If you are arriving on a direct flight to the US, your test must be done within the 3 days before your flight to the US departs. If you are arriving to the US via one or more connecting flights, your test must be done in the 3 days before the first flight in your itinerary, but only if the connecting flights were booked as a single passenger record with a final destination in the US and each connection (layover) is no longer than 24 hours long. If your connecting flight to the US was booked separately or a connection in your itinerary lasts longer than 24 hours, you will need to get tested within the 3 days before your flight that arrives in the US.
What happens if my flight is delayed and it goes over the 3-day limit for testing?
If your flight is delayed before departure, you will need to get re-tested if the delay causes your test to fall outside of the 3-day pre-departure testing period requirement.
If I am connecting through the US to another country, do I still need to get tested?
Yes.  Any flight entering the US, even for a connection, will require testing before departure.
What should airlines and operators of private flights or general aviation aircraft do with passenger attestations?
Operators of private flights and general aviation aircraft must maintain passenger attestations for two years, per the Order.
Do airlines and operators of private flights or general aviation aircraft need to keep copies of passenger test results?
No, passengers must show a copy of their test results to airline employees or the aircraft operator before boarding, but the airline or aircraft operator does not need to retain copies of test results.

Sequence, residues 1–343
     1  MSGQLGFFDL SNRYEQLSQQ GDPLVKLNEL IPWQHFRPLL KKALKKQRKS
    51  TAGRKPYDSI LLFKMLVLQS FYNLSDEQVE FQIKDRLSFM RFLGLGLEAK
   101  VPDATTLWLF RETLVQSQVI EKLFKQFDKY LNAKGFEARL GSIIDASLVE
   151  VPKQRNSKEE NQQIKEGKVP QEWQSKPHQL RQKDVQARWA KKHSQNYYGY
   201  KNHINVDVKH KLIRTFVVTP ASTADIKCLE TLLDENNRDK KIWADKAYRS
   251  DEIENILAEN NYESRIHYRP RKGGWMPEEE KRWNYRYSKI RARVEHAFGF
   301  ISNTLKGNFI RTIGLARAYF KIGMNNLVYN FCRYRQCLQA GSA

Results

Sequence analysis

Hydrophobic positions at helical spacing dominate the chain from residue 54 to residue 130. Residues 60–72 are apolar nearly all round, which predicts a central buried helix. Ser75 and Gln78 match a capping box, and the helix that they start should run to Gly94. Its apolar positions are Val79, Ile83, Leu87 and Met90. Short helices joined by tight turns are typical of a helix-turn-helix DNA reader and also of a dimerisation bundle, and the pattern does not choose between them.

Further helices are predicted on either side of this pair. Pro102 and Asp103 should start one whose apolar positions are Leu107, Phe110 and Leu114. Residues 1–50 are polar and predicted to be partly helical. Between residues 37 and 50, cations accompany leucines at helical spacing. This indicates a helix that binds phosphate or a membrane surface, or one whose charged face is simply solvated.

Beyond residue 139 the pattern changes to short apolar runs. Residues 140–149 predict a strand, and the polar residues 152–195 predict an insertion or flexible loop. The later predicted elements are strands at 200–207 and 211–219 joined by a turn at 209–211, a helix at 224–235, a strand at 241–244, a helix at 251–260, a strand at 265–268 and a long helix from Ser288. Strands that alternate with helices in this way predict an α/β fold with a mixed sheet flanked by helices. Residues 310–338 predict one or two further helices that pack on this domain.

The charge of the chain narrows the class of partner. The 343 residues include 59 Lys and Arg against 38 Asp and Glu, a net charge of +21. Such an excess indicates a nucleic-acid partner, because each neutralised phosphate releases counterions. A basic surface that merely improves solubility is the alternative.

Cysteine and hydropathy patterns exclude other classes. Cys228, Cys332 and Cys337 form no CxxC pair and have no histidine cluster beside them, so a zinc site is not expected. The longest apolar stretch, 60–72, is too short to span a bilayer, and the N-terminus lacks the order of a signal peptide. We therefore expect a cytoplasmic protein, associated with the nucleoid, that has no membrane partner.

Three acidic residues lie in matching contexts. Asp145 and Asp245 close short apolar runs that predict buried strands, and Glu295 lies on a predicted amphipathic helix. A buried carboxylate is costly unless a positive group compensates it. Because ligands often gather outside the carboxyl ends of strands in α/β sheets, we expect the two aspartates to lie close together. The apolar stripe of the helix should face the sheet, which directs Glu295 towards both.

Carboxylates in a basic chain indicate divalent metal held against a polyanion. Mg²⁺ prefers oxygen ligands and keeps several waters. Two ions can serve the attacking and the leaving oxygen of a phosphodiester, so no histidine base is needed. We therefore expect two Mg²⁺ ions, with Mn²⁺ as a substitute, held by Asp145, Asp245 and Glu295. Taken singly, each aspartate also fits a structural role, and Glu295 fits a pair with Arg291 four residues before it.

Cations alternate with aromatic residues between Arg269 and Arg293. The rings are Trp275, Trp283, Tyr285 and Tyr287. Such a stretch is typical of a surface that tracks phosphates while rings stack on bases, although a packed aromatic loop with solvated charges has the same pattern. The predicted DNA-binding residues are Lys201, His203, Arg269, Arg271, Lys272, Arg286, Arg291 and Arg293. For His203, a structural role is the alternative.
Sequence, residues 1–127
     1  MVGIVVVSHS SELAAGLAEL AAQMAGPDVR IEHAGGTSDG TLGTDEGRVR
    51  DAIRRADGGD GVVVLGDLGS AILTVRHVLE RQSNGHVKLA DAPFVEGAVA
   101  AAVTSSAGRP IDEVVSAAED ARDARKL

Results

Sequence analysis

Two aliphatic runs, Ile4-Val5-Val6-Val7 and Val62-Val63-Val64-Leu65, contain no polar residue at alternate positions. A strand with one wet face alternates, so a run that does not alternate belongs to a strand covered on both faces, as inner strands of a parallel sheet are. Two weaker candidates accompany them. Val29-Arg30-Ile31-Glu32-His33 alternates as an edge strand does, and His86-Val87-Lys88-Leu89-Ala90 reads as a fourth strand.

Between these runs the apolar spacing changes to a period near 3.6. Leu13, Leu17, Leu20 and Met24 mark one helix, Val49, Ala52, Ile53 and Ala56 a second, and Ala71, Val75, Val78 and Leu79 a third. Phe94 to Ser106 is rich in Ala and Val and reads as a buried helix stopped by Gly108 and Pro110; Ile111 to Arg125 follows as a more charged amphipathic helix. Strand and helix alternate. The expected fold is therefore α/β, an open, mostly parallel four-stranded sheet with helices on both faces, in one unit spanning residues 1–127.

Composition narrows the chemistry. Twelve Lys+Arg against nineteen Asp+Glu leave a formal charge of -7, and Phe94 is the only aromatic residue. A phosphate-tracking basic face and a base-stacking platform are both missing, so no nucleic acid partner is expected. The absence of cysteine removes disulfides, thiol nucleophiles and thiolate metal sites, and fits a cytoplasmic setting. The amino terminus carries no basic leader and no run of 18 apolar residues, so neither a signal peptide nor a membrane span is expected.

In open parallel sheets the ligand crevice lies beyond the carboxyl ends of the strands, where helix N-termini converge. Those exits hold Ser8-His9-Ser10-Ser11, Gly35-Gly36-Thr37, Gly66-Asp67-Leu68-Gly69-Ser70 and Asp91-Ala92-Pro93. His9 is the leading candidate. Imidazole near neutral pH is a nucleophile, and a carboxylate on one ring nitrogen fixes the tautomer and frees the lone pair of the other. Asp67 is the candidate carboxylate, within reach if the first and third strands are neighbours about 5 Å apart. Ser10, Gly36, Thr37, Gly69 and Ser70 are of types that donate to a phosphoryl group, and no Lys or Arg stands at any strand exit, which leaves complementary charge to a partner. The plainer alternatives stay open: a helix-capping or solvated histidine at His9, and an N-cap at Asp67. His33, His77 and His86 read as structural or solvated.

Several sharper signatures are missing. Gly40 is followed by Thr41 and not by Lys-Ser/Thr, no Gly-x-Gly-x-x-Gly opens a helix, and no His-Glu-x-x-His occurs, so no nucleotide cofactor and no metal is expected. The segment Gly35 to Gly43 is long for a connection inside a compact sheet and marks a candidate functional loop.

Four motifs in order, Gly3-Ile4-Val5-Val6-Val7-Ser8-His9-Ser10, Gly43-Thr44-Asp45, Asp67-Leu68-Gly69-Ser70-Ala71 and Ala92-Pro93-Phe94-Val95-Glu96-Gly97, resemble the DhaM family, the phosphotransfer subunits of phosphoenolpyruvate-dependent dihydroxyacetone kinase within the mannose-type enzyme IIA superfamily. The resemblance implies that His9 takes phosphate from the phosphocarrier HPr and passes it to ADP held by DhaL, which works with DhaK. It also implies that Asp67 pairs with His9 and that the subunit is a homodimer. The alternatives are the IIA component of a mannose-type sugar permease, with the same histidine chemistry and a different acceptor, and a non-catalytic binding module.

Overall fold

What if I have had a COVID-19 vaccine?  Do I still need a negative COVID-19 test or documentation of recovery from COVID-19?
Yes, all air passengers traveling to the US, regardless of vaccination status, are required to present a negative COVID-19 test result or documentation of recovery.

Two syndromic surveillance systems, the U.S. Outpatient Influenza-like Illness Surveillance Network (ILINet) and the National Syndromic Surveillance Project (NSSP), are being used to monitor trends in outpatient and emergency department (ED) visits that may be associated with COVID-19 illness. Each system monitors activity in a slightly different set of providers/facilities and uses a slightly different set of symptoms that may be associated with SARS-CoV-2 virus infection. ILINet provides information about visits to outpatient providers or emergency departments for influenza-like illness (ILI: fever plus cough and/or sore throat) and NSSP provides information about visits to EDs for ILI and COVID-like illness (CLI: fever plus cough and/or shortness of breath or difficulty breathing). Some EDs contribute ILI data to both ILINet and NSSP. Both systems are currently being affected by changes in health care seeking behavior, including increased use of telemedicine and increased social distancing. These changes affect the numbers of people seeking care in the outpatient and ED settings. Syndromic data, including CLI and ILI, should be interpreted with caution and should be evaluated in combination with other sources of surveillance data, especially laboratory testing results, to obtain a complete and accurate picture of respiratory illness.